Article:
Singling out individual works for special consideration isn't easy. The works of the deservedly legendary Charlie Tjaruru Tjungarrayi (Watuma), who figured so prominently in the 'first generation' of Papunya Tula's acrylic artists, offer an enduring testimony to his artistic vigour and brilliance. Watuma's Pangkarlangu (1980), despite the irregularity of the hardboard on which it is painted, and moreover, despite the fact that time has faded it, remains a master work. The central subject of Watuma's work, a pangkarlangu, a supernatural creature, a big hairy ogre, with large, ungainly hands, feet and head, who feeds on human flesh, and typically has red eyes and long fang-like front teeth, is a truly grotesque creation. The pangkarlangu comes equipped with a standard third leg long, hanging genitalia that act as code for sexual excess and generally malevolent intentions, which include the stealing and even the eating of children. Under Tjungarrayi's skilled brush the pangkarlangu, who is located on a particular tract of his country, is an entirely plausible bogeyman, perhaps even having morphed from earlier meanings into a kind of metaphor for the predatory incursions of the colonizers.
Given the adaptiveness of Indigenous Australian artists and their capacity for innovation within a framework of cultural continuity, perhaps the more recent interpretations of this category pangkarlungu - such as that depicted by Watuma here - can be read as representations of this new and frightening presence, wherein old structures become infused with disturbing new meanings.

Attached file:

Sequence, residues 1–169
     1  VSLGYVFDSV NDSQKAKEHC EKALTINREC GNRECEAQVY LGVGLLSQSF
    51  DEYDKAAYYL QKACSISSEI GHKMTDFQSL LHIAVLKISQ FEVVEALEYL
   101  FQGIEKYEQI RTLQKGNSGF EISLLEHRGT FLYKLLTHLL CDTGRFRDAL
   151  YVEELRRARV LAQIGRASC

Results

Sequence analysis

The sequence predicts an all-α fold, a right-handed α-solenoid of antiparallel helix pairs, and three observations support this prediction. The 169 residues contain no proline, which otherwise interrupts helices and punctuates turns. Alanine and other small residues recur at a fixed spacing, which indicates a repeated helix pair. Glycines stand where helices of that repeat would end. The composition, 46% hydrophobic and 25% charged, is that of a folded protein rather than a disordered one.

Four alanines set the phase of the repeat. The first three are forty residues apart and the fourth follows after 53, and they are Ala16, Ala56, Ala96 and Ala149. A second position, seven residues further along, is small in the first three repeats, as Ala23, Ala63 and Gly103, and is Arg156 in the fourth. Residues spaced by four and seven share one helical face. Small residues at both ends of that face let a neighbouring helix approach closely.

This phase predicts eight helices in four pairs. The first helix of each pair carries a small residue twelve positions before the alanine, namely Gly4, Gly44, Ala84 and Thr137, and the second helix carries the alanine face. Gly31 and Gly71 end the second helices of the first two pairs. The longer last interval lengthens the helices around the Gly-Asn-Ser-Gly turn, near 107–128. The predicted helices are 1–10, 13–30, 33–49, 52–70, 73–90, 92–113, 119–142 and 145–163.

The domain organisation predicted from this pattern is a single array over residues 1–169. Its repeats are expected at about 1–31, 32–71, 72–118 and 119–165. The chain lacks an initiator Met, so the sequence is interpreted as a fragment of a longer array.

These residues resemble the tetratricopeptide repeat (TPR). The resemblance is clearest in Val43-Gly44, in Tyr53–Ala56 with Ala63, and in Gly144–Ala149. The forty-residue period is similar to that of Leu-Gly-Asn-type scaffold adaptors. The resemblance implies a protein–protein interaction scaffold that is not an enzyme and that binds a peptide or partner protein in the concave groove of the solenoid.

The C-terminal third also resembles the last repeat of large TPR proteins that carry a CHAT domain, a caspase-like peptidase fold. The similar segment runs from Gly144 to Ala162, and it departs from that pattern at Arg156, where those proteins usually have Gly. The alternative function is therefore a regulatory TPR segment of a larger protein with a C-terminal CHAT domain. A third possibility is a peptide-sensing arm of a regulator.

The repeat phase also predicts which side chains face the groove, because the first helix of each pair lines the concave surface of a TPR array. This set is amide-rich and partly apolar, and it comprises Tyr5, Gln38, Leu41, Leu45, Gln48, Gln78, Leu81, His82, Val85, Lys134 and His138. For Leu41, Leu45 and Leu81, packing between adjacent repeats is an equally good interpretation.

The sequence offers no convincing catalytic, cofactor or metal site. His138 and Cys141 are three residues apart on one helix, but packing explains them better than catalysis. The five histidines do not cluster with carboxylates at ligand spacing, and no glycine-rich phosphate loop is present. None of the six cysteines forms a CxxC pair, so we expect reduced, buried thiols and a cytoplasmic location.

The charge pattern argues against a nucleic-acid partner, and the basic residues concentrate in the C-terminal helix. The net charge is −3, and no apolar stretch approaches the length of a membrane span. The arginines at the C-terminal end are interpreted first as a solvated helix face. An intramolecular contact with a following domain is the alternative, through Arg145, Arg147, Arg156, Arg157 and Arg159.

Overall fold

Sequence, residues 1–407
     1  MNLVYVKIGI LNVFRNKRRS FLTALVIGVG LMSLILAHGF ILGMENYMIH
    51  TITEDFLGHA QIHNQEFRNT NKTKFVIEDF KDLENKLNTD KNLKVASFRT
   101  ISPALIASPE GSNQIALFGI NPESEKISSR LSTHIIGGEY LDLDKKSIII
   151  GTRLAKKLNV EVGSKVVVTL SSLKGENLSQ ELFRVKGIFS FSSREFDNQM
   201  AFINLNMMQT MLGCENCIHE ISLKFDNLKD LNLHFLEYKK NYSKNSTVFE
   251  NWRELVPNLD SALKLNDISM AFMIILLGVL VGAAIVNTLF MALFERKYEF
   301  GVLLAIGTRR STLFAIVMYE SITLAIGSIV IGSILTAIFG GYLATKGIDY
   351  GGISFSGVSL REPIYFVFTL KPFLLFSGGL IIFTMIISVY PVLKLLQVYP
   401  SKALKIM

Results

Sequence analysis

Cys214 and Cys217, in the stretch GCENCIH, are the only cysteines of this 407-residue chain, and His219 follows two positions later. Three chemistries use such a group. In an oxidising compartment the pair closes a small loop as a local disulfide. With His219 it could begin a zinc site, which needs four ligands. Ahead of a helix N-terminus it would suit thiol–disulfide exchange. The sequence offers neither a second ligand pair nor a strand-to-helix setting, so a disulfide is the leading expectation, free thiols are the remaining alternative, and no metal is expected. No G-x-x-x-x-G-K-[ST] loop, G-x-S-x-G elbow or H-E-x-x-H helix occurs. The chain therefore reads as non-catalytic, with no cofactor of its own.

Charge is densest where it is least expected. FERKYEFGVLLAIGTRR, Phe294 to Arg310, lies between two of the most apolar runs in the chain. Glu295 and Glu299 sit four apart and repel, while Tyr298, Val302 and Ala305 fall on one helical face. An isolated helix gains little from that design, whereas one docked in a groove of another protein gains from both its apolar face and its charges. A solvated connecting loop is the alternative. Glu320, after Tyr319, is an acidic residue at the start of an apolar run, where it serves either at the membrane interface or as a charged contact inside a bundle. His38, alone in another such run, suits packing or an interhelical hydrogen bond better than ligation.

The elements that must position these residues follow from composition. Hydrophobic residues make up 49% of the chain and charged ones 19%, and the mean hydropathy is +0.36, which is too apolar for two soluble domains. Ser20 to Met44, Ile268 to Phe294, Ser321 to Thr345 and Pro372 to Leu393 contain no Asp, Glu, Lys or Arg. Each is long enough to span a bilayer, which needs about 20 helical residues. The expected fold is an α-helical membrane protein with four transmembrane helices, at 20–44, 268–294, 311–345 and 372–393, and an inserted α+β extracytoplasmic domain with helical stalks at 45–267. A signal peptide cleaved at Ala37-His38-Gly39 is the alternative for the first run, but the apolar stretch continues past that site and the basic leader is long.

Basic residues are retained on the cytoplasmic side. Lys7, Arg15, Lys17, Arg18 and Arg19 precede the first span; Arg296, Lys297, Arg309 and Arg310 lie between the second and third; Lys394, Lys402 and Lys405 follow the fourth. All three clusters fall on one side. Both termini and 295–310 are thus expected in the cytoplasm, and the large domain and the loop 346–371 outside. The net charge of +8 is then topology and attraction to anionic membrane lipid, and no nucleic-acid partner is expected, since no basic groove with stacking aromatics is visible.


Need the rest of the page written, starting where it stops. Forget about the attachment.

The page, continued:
Among the contemporary works, Ray James Tjangala's restrained, stark, not-quite white and slightly asymmetrical Yunala (1999) which schematically documents the initiation journeys of the ancestral Tingari men is a compelling work. In Yunala Tjangala, son of Anatjari Tjampijinpa, one of the first painters in the Papunya Tula painting movement, uses a visual language in which he is totally fluent, to declare the continuing hegemony of the old order. That old order may have been stripped down to the most essential of its components by processes of colonization, but nevertheless it has survived, its contours are still in place. The triumphal quality in Tjangala's work reflects this.
Walangkura Napanangka's works, like that of many of Papunya's contemporary women artists, is freer in terms of composition and colour, and her 1999 renditions of Kutungka Napanangka, documenting the travels of an ancient ancestral heroine of that name, in which she deploys warm shades of orange, are exuberant odes to her 'country' situated to the far west of Alice Springs.
Narputta Nangala's Karrkurutintja (1996), a depiction of the salt lake of the same name, located on her country south of Kintore, unselfconsciously captures the three- dimensionality and fluidity of body painting. Wintjiya Napaltjarri's Watanuma, representing a ceremonial gathering of women at a claypan at Watanuma, in the extreme north west of the Northern Territory, is a work which inspires. Napaltjarri's use of muted colour, her fine sense of boundaries and 'owned' space, and her regard for the sensitivities of how significant elements of the work relate to one another, particularly the placement of the sacred ceremonial hairstring belts, make hers a germinal work.
It is clear from this exhibition that this distinguished group of artists, who in many respects have been pioneers in terms of gaining recognition for Indigenous Australian artists, both nationally and internationally, have been active and generous in transmitting their knowledge and skills to the younger generation. This augurs well for the future of Australian art. It is also one of the many good reasons why you should go and see this exhibition.